Mars Chronology


1960 October 10 - . 14:27 GMT - . Launch Site: Baikonur. Launch Complex: Baikonur LC1. LV Family: R-7. Launch Vehicle: Molniya 8K78. LV Configuration: Molniya 8K78 L1-4M. FAILURE: At T+300.9 sec, the launcher went out of control and the destruct command was given at T+324.2 sec - the engine of Stage 3 cut off after 13.32 s of burning.. Failed Stage: 3.
  • Mars probe 1M s/n 1 failure. - . Payload: 1M s/n 1. Mass: 640 kg (1,410 lb). Nation: USSR. Agency: RVSN. Program: Mars. Class: Mars. Type: Mars probe. Spacecraft: Mars 1M. Decay Date: 1960-10-10 . COSPAR: F601010A. This was the Soviet Union's first attempt at a planetary probe. Mars probe intended to photograph Mars on a flyby trajectory. The possible cause lay in resonance vibrations of upper stages during Stage 2 burning, which led to break of contact in the command potentiometer of the gyrohorizon. As a result a pitch control malfunctioned and the launcher began to veer off the desired ascent profile. On exceeding 7 degrees of veering in pitch, the control system failed. The upper stage with the payload reached an altitude of 120 km before burning up on re-entry into the atmosphere above East Siberia.

1960 October 14 - . 13:51 GMT - . Launch Site: Baikonur. Launch Complex: Baikonur LC1. LV Family: R-7. Launch Vehicle: Molniya 8K78. LV Configuration: Molniya 8K78 L1-5M. FAILURE: At T+290 sec Stage 3's engine 8D715K failed to ignite because a LOX leak froze kerosene in the fuel inlet to the pump on the launch pad due to a faulty LOX valve seal.. Failed Stage: 3.
  • Mars probe 1M s/n 2 failure. - . Payload: 1M s/n 2. Nation: USSR. Agency: RVSN. Program: Mars. Class: Mars. Type: Mars probe. Spacecraft: Mars 1M. Decay Date: 1960-10-14 . COSPAR: F601014A. Summary: Mars probe intended to photograph Mars on a flyby trajectory. This was the Soviet Union's second attempt at a planetary probe. The upper stages and payload broke up on re-entry into the atmosphere..

1962 October 24 - . 17:55 GMT - . Launch Site: Baikonur. Launch Complex: Baikonur LC1. LV Family: R-7. Launch Vehicle: Molniya 8K78. LV Configuration: Molniya 8K78 T103-15. FAILURE: 16 seconds after ignition of Stage 4, Block L's S1.5400A1 engine exploded. A lubricant leak resulted in the jamming of a shaft in the turbopump gearbox and break up of the turbine.. Failed Stage: 3.
  • Sputnik 22 - . Payload: 2MV-4 s/n 3. Mass: 6,500 kg (14,300 lb). Nation: USSR. Agency: RVSN. Program: Mars. Class: Mars. Type: Mars probe. Spacecraft: Mars 2MV-4. Decay Date: 1962-10-29 . USAF Sat Cat: 443 . COSPAR: 1962-B-Iota-1. Apogee: 260 km (160 mi). Perigee: 202 km (125 mi). Inclination: 65.1000 deg. Period: 89.10 min. Mars probe intended to photograph Mars on a flyby trajectory. The spacecraft broke into many pieces, some of which apparently remained in Earth orbit for a few days. This occurred during the Cuban missile crisis and was picked up by U.S. military radar installations, who originally feared it might by the start of a Soviet nuclear attack.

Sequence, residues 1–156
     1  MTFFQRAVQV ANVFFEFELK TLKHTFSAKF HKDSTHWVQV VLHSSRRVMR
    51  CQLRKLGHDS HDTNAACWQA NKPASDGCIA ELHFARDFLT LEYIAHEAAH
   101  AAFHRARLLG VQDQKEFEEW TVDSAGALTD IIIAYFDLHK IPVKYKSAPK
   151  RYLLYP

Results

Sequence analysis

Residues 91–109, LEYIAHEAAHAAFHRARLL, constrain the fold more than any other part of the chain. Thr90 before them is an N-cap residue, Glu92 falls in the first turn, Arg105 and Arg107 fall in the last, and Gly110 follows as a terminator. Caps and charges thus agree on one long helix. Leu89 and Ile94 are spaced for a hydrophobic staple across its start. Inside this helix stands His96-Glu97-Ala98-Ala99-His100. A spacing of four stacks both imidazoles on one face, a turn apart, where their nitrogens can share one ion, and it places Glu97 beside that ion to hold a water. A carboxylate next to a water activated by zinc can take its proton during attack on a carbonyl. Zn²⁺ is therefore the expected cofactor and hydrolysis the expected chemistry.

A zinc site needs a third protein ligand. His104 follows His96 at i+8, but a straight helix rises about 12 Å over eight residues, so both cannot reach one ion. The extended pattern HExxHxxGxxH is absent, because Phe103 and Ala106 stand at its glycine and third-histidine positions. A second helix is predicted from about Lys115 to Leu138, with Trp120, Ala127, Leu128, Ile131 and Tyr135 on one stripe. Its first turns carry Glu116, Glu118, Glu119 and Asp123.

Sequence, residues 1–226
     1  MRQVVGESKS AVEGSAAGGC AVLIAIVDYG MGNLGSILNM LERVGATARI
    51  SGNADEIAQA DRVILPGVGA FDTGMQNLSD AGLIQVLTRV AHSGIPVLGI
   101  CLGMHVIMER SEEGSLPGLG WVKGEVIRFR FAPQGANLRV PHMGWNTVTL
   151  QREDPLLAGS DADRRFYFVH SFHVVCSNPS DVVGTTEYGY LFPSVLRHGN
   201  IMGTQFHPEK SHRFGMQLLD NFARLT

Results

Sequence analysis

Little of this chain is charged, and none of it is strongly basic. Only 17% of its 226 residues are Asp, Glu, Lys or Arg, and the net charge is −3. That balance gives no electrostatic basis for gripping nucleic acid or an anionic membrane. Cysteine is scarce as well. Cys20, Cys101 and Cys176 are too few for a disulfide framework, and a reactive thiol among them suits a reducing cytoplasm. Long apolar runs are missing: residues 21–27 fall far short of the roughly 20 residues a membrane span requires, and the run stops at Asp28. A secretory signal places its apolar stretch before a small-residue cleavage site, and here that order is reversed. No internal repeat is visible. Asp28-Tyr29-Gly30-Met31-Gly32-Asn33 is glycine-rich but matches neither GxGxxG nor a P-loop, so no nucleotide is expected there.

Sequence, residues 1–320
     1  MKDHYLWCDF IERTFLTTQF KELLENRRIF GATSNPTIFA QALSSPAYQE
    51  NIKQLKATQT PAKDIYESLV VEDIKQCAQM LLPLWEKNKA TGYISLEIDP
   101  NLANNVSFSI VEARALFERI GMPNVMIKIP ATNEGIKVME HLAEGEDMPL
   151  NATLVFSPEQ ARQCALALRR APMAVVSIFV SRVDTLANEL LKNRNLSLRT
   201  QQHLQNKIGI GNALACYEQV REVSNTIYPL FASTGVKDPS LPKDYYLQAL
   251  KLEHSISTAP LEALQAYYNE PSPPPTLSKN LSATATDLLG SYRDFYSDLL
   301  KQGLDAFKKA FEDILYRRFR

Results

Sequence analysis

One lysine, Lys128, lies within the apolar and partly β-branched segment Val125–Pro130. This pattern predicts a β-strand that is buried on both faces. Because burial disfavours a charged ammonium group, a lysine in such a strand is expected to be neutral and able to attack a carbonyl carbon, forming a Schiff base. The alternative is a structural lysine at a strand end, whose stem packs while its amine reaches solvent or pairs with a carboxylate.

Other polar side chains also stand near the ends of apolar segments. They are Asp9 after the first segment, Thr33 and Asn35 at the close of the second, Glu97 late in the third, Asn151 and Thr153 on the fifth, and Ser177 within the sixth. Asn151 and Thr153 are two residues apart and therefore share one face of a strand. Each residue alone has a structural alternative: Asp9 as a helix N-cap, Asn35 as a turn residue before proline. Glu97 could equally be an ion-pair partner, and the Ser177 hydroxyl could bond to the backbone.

1962 November 1 - . 16:14 GMT - . Launch Site: Baikonur. Launch Complex: Baikonur LC1. LV Family: R-7. Launch Vehicle: Molniya 8K78. LV Configuration: Molniya 8K78 T103-16.
  • Mars 1 - . Payload: 2MV-4 s/n 4 / Sputnik 23. Mass: 894 kg (1,970 lb). Nation: USSR. Agency: RVSN. Program: Mars. Class: Mars. Type: Mars probe. Spacecraft: Mars 2MV-4. USAF Sat Cat: 450 . COSPAR: 1962-B-Nu-3. Mars probe intended to photograph Mars on a flyby trajectory. Launched from Sputnik 23 in a 157 x 238 km, 65 degree parking orbit. Sixty-one radio transmissions were held in which a large amount of data was collected. On March 21, 1963, when the spacecraft was at a distance of 106 million km communications ceased, possibly due to a malfunction in the spacecraft orientation system. Mars 1 closest approach to Mars occurred on June 19, 1963 at a distance of approximately 193,000 km, after which the spacecraft entered a heliocentric orbit. Announced mission: Prolonged exploration of outer space during flight to the planet Mars; establishment of inter-planetary radio communications; photgraphing of the planet Mars and subsquent radio-transmission to Earth of the photographs of the surface of Mars thus obtained.

1962 November 4 - . 15:35 GMT - . Launch Site: Baikonur. Launch Complex: Baikonur LC1. LV Family: R-7. Launch Vehicle: Molniya 8K78. LV Configuration: Molniya 8K78 T103-17. FAILURE: After T+260 sec, a malfunction of the pressurization system of the central sustainer led to cavitation in the oxidizer pipeline and LOX pump, followed at T+292s by the fuel pump.. Failed Stage: 1.
  • Sputnik 24 - . Payload: 2MV-3 s/n 1. Mass: 890 kg (1,960 lb). Nation: USSR. Agency: RVSN. Program: Mars. Class: Venus. Type: Venus probe. Spacecraft: Mars 2MV-3. Decay Date: 1962-11-05 . USAF Sat Cat: 451 . COSPAR: 1962-B-Xi-1. Apogee: 170 km (100 mi). Perigee: 170 km (100 mi). Inclination: 64.8000 deg. Period: 87.90 min. Mars probe intended to make a soft landing on Mars. Although the escape stage and payload reached orbit, the strong third stage vibrations shook a fuse loose from its mount in the main nozzle of the escape stage Block L's engine. The engine could not be ignited and remained in Earth orbit. It decayed about two months after insertion.

1963 November 11 - . 06:23 GMT - . Launch Site: Baikonur. Launch Complex: Baikonur LC1. LV Family: R-7. Launch Vehicle: Molniya 8K78. LV Configuration: Molniya 8K78 G103-18. FAILURE: During unpowered coast in parking orbit the escape stage Block L lost stable attitude. Engine ignition occurred in an incorrect direction.. Failed Stage: 3.
  • Cosmos 21 - . Payload: 3MV-1A s/n 1. Mass: 890 kg (1,960 lb). Nation: USSR. Agency: Korolev. Program: Mars. Class: Venus. Type: Venus probe. Spacecraft: Venera 3MV-1A. Decay Date: 1963-11-14 . USAF Sat Cat: 687 . COSPAR: 1963-044A. Apogee: 231 km (143 mi). Perigee: 192 km (119 mi). Inclination: 64.8000 deg. Period: 88.70 min. Summary: The stage with payload remained in Earth orbit as Cosmos-51 and burnt up on re-entry..